Will Tobacco Stocks Keep Smoking if Calif. Passes $1-a-Pack Tax? - and Other News Told in Charts
On Tuesday Californians will vote on whether to raise the cigarette tax from a measly 87 cents to $1.87. The increased tax would fund cancer research and potentially get some nicotine addicts to kick the habit. Unsurprisingly, tobacco companies have spent millions fighting the proposition, with Altria's (MO) Philip Morris USA and Reynolds American (RAI) leading the charge, says the New York Times. They'd like the 12% of Californians who smoke to keep at it, for investors' sakes.
Shocker! Jamie Dimon Ignored Pesky Shareholder Advocates
One year ago, some shareholder advocates at CtW Investment Group warned that JPMorgan’s (JPM) risk controls were weak. Jamie Dimon, who runs JPMorgan, said something like naaaaah, we’re all good, reports the New York Times (note: that’s not an exact quote, read the story). Last month, of course, the bank disclosed a $2 billion-plus trading loss that has regulators and investors looking at its risk controls.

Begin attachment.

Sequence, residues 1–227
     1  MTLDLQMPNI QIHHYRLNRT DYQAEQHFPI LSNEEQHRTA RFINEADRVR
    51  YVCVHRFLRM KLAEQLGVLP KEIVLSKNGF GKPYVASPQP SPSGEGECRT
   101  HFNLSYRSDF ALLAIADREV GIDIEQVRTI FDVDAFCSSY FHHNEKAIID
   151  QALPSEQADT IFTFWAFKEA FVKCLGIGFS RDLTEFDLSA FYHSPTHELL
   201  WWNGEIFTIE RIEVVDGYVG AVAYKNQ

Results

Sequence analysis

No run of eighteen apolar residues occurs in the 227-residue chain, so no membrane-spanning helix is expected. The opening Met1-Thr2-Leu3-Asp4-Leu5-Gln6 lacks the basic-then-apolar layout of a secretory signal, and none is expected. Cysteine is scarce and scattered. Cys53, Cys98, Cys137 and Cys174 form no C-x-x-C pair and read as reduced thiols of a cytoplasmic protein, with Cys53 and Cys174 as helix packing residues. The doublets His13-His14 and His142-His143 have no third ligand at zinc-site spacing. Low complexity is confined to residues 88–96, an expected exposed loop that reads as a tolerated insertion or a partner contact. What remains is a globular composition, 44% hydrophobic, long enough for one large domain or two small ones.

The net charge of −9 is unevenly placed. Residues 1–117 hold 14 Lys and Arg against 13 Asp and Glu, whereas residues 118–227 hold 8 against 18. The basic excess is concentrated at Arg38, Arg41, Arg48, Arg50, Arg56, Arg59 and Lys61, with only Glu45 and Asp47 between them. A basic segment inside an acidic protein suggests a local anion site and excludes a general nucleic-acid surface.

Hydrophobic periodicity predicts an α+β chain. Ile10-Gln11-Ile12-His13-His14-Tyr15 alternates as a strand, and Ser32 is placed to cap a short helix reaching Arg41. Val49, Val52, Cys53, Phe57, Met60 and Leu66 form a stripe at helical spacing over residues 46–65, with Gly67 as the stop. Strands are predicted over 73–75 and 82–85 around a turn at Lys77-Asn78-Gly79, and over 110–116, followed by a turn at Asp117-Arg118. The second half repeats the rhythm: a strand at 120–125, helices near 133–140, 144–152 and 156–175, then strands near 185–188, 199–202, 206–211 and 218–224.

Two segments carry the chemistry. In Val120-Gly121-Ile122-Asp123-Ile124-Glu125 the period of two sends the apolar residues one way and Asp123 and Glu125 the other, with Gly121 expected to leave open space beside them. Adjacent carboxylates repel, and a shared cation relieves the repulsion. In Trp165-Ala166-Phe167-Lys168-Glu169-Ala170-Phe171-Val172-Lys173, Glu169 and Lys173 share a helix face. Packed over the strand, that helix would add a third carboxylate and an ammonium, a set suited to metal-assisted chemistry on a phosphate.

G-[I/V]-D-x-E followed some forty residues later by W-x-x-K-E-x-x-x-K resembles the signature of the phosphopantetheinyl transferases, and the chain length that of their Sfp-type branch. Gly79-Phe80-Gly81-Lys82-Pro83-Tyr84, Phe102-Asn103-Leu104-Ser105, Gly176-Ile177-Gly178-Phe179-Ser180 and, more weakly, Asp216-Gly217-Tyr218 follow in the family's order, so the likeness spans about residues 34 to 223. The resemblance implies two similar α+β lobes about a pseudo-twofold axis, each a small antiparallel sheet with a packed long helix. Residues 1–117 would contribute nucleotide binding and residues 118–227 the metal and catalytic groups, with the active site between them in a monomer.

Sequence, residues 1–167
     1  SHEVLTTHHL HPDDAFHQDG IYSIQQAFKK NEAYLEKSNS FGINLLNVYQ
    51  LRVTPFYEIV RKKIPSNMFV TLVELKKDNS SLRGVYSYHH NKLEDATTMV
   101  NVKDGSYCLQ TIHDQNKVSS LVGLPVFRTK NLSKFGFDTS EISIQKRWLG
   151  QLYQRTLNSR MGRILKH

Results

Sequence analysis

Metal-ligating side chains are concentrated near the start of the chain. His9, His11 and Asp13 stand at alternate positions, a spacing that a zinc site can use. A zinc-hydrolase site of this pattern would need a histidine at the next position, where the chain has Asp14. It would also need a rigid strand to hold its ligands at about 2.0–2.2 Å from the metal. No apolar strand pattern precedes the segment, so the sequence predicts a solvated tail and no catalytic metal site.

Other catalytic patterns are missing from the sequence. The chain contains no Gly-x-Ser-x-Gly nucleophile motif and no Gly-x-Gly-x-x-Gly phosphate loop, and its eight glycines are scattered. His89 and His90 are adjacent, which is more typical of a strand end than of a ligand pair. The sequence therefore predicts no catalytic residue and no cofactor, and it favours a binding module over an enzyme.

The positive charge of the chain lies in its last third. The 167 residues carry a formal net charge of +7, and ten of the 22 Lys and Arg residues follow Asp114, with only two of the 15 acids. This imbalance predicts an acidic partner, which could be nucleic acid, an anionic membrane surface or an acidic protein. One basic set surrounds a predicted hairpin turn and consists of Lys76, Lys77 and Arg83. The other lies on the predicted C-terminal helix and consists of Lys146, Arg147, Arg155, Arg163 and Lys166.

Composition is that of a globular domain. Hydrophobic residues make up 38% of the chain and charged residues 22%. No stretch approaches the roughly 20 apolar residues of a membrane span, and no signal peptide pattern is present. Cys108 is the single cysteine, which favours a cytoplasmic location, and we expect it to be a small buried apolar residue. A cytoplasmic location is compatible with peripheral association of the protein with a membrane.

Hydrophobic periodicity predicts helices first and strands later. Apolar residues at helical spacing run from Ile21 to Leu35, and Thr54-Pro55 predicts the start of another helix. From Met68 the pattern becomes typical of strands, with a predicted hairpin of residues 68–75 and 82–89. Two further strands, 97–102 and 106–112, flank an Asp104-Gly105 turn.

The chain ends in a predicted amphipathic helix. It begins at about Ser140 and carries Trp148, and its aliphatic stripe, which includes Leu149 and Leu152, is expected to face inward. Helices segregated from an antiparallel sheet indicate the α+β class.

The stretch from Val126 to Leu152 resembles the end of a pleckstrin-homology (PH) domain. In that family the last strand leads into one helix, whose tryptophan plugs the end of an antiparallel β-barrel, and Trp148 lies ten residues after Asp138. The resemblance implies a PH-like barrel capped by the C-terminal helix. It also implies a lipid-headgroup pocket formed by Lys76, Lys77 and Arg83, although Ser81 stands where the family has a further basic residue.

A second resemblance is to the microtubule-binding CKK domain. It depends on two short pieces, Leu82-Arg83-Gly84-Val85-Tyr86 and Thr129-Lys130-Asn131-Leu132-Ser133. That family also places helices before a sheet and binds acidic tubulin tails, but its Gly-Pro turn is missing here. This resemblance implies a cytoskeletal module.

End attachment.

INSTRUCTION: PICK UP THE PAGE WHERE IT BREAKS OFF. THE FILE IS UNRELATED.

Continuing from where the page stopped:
Yum Brands Pushes Chicken, Not Cows, In India
The country of India has some of the most varied and complex cuisine on the planet, but its residents have probably been craving a big bucket of fried chicken legs. That’s what Yum Brands (YUM) is counting on as it pushes its brand in India as part of an ongoing corporate war with McDonalds (MCD), the FT reports. McDonald’s mountains of beef aren’t a hit with the millions of vegetarians there. Yum thinks they’ll be more partial to a meal at Pizza Hut or Kentucky Fried Chicken.
Shakeup At Chesapeake
Chesapeake Energy (CHK), the second-largest natural gas producer, is a few billion dollars short on cash – but has itself to blame, says the WSJ. While Chesapeake says it was hurt by a warm winter, the real culprit may be the big bet it made last fall to sell its hedges and leave itself exposed to the falling market. And in related news, Reuters reports the company agreed this morning to replace four directors, under shareholder pressure. The news just keeps getting worse for Chief Aubrey McClendon, who was this spring's poster boy for lax corporate governance.